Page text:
These are the Acrosses at the middle of the puzzle. Just brutal (especially considering I didn't have DEKLERK's "K"s for a good while, especially the first one, which crossed with someone I'd never head of, 29D: "Mame" director of stage and screen (Saks)). As for CINEAST - I could hear the collective groan of hundreds of solvers around the world as it finally dawned on them what the hell this answer was. Doesn't help that CINEAST intersects with two of the puzzles most arcane answers: 36D: First opera to premiere at London's Savoy Theatre, 1882 ("Iolanthe") [in case it's not clear, IOLANTHE starts with a capital "i" and not a lower CASE "L" (48A: Word with legal or lower (case)], and 28D: George of old vaudeville (Jessel). Come ON! Could your frame of reference get any Older??? Well, yes, it could: 42A: Homer's home (Hellas) (I wanted SPRINGFIELD), and 62A: One side of the Battle of Thermopylae (Persia) (I had SPARTA here, as I was probably supposed to - the intended trap; sadly, for me, I also had ATHENS here before I ever entertained the possibility of PERSIA). The upcoming movie 300 (an adaptation of Frank Miller's comic of the same name) is about this battle, specifically the 300 Spartans who block the advancing Persian army, ensuring the escape (and eventual triumph) of the outnumbered Greek forces and dealing heavy losses to the Persians, though all 300 knew their deaths were certain. Speaking of Persia, this puzzle also contains SHAHS (51D: Abbas I, II and III).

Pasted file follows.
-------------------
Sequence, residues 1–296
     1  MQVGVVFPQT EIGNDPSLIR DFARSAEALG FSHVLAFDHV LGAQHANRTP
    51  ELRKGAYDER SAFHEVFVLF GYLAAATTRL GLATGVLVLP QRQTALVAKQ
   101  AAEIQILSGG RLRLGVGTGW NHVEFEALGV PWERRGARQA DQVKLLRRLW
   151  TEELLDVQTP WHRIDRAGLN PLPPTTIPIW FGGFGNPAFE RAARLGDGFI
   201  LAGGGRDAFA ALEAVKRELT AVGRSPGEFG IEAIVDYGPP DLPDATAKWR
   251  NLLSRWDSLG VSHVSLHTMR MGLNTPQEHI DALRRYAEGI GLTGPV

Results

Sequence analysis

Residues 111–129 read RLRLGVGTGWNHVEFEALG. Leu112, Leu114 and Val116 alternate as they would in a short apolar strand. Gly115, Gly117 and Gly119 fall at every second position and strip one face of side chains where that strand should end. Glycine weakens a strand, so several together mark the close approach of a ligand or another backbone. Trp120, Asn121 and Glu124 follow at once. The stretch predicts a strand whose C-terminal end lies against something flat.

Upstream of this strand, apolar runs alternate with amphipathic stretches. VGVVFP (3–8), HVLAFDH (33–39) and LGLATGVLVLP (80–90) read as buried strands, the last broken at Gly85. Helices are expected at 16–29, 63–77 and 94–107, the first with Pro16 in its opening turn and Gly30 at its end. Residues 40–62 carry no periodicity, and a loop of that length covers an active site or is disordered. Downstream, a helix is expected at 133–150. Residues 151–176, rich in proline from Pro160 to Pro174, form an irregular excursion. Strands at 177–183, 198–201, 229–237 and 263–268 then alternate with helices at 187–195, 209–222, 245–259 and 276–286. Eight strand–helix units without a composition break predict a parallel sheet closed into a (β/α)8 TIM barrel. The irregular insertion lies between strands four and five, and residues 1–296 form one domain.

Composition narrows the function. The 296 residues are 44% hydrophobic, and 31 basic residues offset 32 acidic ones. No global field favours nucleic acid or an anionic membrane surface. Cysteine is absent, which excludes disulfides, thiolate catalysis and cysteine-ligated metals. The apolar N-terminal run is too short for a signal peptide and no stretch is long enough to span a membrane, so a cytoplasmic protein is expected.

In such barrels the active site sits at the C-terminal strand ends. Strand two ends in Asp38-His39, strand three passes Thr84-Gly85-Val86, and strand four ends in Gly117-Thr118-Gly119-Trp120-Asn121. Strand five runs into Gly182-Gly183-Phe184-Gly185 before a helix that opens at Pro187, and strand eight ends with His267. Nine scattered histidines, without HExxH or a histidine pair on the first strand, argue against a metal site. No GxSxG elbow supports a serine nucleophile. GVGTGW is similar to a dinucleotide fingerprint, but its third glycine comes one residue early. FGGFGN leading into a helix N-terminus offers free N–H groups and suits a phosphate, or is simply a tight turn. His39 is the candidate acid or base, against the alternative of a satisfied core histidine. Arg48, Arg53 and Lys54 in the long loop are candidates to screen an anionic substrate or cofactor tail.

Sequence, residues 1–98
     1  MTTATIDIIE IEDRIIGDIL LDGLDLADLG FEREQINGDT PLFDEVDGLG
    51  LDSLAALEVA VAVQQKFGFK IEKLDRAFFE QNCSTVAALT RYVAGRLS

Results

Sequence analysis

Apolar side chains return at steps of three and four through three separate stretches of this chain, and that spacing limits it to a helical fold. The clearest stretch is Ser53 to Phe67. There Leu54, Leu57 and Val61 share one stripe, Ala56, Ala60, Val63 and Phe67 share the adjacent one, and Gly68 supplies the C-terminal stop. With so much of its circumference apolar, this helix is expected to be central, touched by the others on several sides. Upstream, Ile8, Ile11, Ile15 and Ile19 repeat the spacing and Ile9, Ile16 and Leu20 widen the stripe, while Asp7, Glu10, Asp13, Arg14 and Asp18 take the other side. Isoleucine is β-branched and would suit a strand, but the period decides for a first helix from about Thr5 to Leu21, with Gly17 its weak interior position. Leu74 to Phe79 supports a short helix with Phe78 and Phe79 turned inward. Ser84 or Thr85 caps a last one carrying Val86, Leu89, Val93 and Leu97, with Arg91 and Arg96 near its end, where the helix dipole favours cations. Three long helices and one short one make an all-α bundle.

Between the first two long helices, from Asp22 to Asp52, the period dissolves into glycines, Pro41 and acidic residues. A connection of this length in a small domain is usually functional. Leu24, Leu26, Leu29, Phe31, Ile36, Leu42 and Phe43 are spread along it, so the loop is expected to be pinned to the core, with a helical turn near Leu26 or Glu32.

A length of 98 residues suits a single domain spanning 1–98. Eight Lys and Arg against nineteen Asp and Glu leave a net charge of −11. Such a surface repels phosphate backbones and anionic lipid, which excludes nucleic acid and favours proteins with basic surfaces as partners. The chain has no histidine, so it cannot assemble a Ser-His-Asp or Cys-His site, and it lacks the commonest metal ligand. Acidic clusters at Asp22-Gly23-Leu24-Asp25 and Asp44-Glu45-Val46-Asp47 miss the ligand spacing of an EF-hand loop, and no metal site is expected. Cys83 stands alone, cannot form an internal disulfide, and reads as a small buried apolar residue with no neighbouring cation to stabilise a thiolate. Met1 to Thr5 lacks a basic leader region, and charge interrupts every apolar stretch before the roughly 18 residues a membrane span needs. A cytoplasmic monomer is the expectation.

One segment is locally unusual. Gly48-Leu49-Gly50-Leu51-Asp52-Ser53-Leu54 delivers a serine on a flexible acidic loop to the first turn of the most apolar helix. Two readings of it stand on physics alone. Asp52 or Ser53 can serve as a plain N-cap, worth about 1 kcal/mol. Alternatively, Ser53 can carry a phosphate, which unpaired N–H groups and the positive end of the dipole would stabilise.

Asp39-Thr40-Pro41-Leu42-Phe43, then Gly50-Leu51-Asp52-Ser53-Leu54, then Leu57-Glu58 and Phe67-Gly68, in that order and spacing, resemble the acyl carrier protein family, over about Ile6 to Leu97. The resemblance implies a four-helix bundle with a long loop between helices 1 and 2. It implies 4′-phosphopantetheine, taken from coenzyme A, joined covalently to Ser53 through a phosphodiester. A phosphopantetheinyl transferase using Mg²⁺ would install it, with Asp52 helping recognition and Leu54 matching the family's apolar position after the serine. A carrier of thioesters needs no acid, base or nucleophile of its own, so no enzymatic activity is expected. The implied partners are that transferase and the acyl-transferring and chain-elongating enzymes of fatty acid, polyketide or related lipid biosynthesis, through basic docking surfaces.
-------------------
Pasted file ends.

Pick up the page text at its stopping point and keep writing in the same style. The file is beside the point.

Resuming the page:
45D: Store, in a way (ensile)